It’s great that you used the obstacle of not being able to communicate with your future in-laws as motivation to learn Spanish. What is the biggest way dating someone outside your culture has affected your life?
I never would have moved to Chile if I hadn’t had met Carlos! I lived there for ten months between 2010 and 2011 because of meeting him and we are moving back there again in October. So it has made a huge change to my life. It has also changed my family’s life, as they will be taking lots of holidays to come and see us while we live in Chile. Luckily its’ a stunningly beautiful country which is perfect for holidays.
You bring up a great point about how intercultural relationships can also affect our families. What has being in an intercultural relationship taught you?
So much! It’s taught me about a whole new culture that I knew nothing about, it’s taught me a new language and it’s taught me how to live abroad. Despite those life-changing aspects, I don’t think about Carlos and I being from different cultures everyday, I just see him and I do often forget that we were born on opposite sides of the world!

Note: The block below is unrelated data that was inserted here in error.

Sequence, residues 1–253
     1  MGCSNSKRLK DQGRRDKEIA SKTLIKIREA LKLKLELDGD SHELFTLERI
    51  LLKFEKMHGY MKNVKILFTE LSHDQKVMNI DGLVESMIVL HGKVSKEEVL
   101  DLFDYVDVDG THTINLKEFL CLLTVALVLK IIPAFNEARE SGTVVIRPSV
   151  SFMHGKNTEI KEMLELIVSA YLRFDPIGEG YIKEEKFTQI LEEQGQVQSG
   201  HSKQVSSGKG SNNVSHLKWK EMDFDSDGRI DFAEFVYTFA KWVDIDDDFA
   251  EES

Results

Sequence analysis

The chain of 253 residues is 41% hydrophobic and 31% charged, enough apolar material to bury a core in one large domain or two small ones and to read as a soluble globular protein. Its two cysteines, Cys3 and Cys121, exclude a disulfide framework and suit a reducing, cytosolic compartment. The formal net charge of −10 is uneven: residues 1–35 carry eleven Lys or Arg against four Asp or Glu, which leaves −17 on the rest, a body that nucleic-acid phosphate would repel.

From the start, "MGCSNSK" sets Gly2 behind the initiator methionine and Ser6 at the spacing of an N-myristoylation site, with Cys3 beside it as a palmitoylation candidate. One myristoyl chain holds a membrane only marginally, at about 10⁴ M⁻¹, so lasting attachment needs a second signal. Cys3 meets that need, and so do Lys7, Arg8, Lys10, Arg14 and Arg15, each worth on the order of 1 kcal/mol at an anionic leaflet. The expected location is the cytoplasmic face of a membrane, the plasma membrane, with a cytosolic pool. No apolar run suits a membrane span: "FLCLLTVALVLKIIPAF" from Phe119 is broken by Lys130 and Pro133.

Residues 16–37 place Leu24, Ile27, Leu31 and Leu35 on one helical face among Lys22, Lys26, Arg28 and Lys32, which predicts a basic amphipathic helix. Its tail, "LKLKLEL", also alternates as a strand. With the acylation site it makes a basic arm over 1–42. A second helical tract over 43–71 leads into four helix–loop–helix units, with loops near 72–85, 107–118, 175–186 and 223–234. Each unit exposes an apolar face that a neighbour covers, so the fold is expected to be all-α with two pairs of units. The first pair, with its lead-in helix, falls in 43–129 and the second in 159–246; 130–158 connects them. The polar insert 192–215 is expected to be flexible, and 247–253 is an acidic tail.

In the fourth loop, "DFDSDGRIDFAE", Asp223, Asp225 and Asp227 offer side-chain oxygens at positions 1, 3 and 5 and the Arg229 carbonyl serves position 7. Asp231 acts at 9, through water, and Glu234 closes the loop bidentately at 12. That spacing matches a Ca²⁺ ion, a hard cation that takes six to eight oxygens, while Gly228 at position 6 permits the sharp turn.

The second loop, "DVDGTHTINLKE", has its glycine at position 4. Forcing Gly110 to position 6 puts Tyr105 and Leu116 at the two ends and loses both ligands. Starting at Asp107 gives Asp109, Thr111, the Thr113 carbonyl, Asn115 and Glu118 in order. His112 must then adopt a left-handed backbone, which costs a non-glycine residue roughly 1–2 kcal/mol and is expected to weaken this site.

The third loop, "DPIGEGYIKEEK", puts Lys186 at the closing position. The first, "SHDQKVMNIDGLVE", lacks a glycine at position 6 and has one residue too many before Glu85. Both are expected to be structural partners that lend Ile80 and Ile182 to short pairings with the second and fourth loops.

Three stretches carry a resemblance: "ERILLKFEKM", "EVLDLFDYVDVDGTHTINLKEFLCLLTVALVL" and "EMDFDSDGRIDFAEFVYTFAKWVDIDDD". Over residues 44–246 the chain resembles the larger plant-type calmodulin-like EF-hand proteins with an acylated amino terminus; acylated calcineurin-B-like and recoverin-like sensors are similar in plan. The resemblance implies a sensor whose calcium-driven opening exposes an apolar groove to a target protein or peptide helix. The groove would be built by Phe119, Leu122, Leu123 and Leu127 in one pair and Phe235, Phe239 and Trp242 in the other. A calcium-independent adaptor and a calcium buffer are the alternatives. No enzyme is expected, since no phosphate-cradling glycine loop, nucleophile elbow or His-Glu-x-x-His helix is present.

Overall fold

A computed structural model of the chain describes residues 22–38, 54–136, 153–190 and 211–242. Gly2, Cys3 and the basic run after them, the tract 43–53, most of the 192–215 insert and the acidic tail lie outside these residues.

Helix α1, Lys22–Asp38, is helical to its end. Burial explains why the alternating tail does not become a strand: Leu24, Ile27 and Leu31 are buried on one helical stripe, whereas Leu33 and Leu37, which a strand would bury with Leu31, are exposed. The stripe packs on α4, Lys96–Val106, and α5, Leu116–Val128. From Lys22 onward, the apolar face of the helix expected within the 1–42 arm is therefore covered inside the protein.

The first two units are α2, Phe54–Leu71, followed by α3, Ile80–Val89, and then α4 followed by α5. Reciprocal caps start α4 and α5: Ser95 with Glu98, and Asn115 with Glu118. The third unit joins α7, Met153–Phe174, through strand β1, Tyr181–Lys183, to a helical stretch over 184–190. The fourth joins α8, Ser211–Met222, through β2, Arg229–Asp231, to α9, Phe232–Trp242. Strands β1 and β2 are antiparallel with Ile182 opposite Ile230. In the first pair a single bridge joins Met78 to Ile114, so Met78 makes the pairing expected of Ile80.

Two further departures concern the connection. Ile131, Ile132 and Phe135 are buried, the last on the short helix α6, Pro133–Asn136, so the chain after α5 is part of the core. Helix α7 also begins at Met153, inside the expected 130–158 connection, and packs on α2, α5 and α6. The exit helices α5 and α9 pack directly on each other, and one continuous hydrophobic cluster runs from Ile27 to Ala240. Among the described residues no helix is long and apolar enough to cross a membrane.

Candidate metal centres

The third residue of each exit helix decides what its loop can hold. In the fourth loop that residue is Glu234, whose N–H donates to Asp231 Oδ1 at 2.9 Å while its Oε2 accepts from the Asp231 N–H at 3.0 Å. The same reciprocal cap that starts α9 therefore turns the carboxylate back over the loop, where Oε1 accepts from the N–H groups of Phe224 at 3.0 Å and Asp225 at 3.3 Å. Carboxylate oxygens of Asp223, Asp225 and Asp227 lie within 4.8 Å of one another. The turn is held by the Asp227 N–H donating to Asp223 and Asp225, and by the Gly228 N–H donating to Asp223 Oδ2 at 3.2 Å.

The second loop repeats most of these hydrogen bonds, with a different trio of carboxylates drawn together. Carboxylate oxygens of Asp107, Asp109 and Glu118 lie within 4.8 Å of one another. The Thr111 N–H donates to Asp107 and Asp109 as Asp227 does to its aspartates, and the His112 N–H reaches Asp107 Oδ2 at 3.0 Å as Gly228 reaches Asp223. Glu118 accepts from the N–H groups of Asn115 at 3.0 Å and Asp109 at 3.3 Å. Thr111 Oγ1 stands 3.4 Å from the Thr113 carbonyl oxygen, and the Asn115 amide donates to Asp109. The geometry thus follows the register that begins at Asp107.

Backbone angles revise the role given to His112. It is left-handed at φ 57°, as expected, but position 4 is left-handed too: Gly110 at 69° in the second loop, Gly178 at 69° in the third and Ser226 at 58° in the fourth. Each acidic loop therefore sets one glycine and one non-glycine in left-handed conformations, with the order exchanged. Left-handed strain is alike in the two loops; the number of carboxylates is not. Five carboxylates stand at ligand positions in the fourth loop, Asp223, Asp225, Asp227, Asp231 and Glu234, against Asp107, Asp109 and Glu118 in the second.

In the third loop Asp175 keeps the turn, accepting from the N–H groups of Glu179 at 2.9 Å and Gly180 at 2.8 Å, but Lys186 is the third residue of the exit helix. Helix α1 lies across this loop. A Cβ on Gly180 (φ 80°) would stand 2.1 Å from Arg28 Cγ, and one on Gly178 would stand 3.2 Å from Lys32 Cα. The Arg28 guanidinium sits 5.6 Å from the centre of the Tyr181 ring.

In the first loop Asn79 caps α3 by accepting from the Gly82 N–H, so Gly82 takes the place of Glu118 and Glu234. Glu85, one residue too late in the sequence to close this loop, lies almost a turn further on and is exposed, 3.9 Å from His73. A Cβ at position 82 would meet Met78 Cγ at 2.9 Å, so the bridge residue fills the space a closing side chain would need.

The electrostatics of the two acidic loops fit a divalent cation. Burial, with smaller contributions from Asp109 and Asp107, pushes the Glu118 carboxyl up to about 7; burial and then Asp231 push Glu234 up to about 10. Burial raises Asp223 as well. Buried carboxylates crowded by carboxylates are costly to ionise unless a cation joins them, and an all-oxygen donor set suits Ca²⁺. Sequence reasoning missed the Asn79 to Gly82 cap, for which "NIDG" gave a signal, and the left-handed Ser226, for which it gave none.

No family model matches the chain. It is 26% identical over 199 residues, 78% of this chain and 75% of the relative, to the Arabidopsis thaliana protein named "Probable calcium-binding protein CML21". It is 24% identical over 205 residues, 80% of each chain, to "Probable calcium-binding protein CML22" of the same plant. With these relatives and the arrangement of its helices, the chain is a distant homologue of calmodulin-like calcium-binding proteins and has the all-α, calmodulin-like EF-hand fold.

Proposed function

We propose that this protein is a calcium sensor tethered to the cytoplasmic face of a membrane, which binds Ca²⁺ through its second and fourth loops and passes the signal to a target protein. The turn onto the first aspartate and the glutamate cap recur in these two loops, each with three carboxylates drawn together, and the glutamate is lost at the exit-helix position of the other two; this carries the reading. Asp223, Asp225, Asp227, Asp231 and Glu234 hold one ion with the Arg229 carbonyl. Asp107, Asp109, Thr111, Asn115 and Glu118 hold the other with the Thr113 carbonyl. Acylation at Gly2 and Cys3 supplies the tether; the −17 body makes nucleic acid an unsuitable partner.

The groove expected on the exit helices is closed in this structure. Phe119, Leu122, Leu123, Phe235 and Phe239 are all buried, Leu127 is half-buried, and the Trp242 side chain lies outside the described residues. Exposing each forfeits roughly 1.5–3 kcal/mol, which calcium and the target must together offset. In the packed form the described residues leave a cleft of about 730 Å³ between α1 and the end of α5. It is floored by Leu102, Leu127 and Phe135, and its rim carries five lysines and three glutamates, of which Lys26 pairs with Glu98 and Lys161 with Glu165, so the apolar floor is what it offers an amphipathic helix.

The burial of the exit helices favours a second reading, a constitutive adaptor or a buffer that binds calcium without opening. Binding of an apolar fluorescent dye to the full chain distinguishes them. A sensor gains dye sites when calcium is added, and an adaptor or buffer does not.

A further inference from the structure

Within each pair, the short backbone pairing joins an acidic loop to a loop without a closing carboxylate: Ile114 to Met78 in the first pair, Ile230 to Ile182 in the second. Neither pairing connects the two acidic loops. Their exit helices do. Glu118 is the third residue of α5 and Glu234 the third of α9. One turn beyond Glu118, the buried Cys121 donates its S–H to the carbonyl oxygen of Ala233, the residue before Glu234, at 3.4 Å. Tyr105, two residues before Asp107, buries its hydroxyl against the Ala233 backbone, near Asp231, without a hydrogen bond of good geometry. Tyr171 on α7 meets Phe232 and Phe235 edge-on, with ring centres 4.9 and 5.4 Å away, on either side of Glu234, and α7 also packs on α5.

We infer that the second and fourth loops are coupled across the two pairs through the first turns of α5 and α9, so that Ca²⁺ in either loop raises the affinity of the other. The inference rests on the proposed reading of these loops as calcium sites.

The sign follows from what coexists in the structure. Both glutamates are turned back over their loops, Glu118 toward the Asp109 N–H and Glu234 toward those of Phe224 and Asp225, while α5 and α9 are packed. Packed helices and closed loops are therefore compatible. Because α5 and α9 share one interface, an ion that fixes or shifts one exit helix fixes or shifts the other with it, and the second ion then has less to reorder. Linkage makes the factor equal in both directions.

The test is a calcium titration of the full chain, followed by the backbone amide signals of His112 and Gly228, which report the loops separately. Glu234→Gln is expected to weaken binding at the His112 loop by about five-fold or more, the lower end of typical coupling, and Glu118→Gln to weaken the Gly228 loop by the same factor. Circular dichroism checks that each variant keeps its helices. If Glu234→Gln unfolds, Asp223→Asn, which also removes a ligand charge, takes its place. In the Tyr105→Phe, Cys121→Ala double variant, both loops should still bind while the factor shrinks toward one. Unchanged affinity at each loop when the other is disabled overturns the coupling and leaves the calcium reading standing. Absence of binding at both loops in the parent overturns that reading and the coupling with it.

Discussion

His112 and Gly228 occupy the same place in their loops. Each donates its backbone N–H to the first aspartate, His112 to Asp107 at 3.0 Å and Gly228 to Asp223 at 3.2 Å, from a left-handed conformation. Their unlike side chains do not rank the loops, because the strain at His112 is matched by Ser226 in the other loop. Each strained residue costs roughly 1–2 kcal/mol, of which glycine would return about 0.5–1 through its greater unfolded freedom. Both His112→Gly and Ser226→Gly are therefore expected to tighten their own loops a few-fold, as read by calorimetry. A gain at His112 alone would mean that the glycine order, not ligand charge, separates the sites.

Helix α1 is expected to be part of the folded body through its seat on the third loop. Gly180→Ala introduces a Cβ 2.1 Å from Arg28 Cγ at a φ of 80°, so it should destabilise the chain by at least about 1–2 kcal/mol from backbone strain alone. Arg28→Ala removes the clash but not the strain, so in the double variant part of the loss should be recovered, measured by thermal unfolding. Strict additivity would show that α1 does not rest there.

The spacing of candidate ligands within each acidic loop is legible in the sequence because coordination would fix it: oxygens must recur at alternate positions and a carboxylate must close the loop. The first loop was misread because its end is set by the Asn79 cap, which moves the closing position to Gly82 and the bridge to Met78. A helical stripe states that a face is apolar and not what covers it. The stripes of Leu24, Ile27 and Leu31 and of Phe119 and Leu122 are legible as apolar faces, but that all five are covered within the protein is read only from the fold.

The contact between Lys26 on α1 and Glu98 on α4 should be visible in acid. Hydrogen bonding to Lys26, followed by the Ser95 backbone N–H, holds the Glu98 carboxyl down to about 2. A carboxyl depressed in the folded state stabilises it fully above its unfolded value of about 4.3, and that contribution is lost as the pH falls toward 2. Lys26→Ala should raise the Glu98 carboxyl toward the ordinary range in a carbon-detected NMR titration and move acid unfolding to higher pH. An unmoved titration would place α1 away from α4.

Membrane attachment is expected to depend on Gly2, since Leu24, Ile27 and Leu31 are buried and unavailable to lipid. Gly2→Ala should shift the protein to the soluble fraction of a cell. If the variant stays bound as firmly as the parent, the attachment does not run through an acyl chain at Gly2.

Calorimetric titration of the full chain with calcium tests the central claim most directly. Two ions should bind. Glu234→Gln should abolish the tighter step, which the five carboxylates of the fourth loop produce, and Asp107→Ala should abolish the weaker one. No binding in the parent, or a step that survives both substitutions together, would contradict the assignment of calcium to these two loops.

Do you have any advice for people in (or considering being in) an intercultural relationship?
I’ve said this before, but patience is the absolute key! Things may take lots of time if you are moving to a different country or have a long distance relationship. There are so many things that involve lots of paperwork and time, if you have patience you can survive all of these things including lengthy visa paperwork, translating certificate, job applications in a different language etc!
Thanks so much for taking part in this series, Marcella. Can’t wait to read more about your upcoming Chilean adventure! If you’d like to learn more about Marcella (or just pop over to say hello) head over to her blog.
Are you in an intercultural relationship and interested in being interviewed? Contact me by email at firstname.lastname@example.org or use this contact form.